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Sounds like … worshipful contemporary gospel from one of the genre's leading ladies, as if Karen Clark Sheard or CeCe Winans were fronting Israel & New Breed. At a glance … No Limits Live is an energetic live gospel/worship recording, at times weighed down by a little too much free worship and preachingTrack ListingDisc 1 No Limits (Breakthrough) Till the Walls Fall Till the Walls Fall (Reprise) Name Above All Names Great Exchange Prelude Great Exchange Renew Me Prophetic Interlude Forever You're My King What He's Done Amazing Love (P.D.) Amazing LoveDisc 2 Always Welcome Holy Spirit Fill This Room Come Holy Spirit He's Already Provided I Believe God While You Worship (Chandler's Song) You've Been So Good You've Been So Good (Reprise) Jesus Is the Best Thing Chosen Generation
Gospel/worship vocalist and songwriter Martha Munizzi made history in 2005 when she became the first non-African American to win Best New Artist at the Stellar Awards—without the support of a major record label. Produced by Israel Houghton and Aaron Lindsey (of Israel & New Breed fame), Munizzi's 2003 album The Best Is Yet to Come released quietly as an independent album, yet sold in the hundreds of thousands.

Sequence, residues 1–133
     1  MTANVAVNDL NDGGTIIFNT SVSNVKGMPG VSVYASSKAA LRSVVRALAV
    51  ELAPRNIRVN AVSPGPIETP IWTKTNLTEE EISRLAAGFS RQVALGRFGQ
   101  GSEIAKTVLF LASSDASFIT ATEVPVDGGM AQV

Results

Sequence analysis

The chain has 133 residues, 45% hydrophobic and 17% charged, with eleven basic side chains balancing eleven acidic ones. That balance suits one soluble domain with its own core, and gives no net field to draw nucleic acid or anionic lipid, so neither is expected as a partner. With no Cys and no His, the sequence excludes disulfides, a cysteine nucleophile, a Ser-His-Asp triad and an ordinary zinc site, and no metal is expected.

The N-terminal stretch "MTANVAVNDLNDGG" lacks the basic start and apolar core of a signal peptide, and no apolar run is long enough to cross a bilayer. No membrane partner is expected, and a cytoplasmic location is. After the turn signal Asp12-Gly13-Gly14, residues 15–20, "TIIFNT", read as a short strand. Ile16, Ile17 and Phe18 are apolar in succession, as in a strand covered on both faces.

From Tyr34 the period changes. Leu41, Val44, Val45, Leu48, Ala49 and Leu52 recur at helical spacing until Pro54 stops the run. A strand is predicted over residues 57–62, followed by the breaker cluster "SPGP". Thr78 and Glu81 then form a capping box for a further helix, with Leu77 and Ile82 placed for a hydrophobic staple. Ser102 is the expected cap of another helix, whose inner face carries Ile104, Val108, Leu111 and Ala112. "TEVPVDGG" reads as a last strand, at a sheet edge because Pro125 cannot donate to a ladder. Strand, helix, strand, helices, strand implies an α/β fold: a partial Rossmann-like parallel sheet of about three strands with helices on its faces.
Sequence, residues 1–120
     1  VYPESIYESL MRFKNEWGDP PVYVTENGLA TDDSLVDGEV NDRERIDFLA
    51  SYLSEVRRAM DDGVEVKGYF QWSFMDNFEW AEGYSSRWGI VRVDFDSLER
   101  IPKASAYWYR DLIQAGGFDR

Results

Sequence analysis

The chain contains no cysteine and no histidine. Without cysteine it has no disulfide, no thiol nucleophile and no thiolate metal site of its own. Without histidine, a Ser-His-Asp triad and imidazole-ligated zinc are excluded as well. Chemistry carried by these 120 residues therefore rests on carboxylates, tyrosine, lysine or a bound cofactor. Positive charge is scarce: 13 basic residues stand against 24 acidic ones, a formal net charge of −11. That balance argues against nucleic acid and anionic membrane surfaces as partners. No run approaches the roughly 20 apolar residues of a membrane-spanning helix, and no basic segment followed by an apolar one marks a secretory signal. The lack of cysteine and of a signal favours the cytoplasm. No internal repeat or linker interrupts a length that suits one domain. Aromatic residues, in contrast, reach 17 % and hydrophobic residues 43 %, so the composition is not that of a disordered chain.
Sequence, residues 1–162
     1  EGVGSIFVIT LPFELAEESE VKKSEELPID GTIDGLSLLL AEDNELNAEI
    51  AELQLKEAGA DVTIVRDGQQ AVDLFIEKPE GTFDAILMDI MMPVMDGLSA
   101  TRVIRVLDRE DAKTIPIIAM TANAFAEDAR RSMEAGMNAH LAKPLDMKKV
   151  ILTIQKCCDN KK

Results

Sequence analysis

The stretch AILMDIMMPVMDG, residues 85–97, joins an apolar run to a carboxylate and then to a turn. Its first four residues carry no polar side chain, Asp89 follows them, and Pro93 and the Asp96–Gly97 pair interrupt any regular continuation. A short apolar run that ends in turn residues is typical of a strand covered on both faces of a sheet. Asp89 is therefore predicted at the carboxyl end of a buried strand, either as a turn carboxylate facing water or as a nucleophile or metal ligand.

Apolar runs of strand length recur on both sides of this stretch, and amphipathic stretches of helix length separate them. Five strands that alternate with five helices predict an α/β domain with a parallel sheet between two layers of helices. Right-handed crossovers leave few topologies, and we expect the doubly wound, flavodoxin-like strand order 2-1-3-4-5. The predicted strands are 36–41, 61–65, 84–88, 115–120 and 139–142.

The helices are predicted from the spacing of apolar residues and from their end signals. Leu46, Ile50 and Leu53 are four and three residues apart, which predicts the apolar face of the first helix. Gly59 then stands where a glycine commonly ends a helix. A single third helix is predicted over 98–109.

Integrity Music took notice and signed on to distribute her music while committing to produce her third live album, No Limits Live. Expectations for this 2-disc album are certainly high, but Munizzi doesn't seem to mind, sounding comfortable and in control from the get-go in singing, leading worship, and even some preaching and exhortation. Producer Noel Hall (former Fred Hammond music director) gives the album a sound that's less multi-cultural and more contemporary gospel. The style befits Munizzi's commanding voice perfectly, but it does rob the project of some of the congregational feel that marked her previous effort.
While The Best Is Yet to Come was neatly captured on a single disc, Munizzi's passion for ministering and teaching have literally taken the limits off her follow-up. Throughout this album's running length of 100-plus minutes, she transitions from song to song with several instances of free worship, improvisation, and semi-songs that can become tiresome and repetitive upon repeated listens. Sometimes less is more, and some trimming and condensing of the best moments into a single disc would have allowed No Limits to become a more inspired and worshipful project—one that effectively demonstrates the flair, fervor and flavor of Martha Munizzi and her talented band.